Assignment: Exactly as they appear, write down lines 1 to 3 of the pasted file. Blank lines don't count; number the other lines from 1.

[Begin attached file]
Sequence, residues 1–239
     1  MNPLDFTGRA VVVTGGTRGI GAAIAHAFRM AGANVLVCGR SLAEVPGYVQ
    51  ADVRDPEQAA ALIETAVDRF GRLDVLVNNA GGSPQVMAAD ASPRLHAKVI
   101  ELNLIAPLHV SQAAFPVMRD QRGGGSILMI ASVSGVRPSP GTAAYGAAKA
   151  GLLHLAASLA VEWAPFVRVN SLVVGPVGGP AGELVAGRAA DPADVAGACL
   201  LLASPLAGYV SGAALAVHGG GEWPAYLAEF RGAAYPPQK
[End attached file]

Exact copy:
Sequence, residues 1–239
     1  MNPLDFTGRA VVVTGGTRGI GAAIAHAFRM AGANVLVCGR SLAEVPGYVQ
    51  ADVRDPEQAA ALIETAVDRF GRLDVLVNNA GGSPQVMAAD ASPRLHAKVI